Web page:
Henrico approves Short Pump mosque

Posted at 12:05 PM, Jul 26, 2012
and last updated 2012-07-26 12:26:57-04

HENRICO, Va. (WTVR) - Despite some protests from members of the community, the Henrico County Planning Commission approved plans for a new mosque to go up in Short Pump.

The proposed mosque would be built at the intersection of Twin Hickory and Shady Grove Roads near Deep Run High School.

Planning Director Joseph Emerson says the Short Pump area is growing and there is some public concern that adding an over 35,000 square-foot mosque will add to traffic congestion in the area. 

But at the end of the day, the proposed mosque will meet all of the zoning rules.

Members of the West End Islamic Center tell CBS 6 News Henrico has a growing Muslim population looking forward to this mosque being built, however they need to raise between three and four million dollars before they get started.  That could take a couple of years or longer.

Six Short Pump area residents spoke out against the mosque during the Henrico planning meeting.  They joined other groups opposed to two other mosques being built in Henrico; one at Hungary Road and Wiltshire, the other at Hilliard and Impala Drive.  The two would be less than four miles apart.

Those speaking against the Short Pump mosque had mostly the same concerns Sylvia Hoehns-Wright had of the one on Hungary.  Her group had concerns that any worship center or business that big should not be built so close to established neighborhoods and businesses.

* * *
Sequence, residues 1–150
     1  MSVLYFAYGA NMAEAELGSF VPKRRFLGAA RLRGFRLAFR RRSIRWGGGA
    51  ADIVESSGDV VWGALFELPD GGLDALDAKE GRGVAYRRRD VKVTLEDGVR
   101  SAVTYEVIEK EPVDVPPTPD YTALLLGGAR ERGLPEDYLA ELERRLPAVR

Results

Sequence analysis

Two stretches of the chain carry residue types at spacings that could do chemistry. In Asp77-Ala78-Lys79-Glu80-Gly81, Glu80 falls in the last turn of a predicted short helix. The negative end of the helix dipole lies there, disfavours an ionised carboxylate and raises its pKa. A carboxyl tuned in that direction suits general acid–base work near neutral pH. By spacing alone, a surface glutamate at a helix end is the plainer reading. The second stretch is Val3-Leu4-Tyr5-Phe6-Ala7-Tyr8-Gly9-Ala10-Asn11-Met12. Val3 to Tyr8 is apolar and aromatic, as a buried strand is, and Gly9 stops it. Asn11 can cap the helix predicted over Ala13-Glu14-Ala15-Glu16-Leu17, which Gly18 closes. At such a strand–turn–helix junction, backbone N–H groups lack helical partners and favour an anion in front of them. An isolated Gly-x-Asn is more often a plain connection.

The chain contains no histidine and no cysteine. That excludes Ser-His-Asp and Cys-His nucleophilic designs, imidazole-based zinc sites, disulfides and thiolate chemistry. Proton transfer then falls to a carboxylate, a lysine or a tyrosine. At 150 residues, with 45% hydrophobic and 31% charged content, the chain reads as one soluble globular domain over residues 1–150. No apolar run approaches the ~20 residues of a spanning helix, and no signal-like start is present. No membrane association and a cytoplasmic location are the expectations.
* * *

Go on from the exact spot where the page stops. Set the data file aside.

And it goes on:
Members of the West End Islamic Center were quick to let the Short Pump community know they'll be good neighbors. 

"We are thankful for the county for cooperating with us," said Kamran Nazir. "We plan to work with the community in the Twin Hickory area.  We look forward to getting to know more about each other and bringing the community together.”

The planning commission is the final approval authority; however Mr. Emmerson has yet to review the Short Pump mosque's landscaping plan.  He says the county will work with the builders to do what they call "soften the structure", meaning they’ll blend into the existing neighborhood well.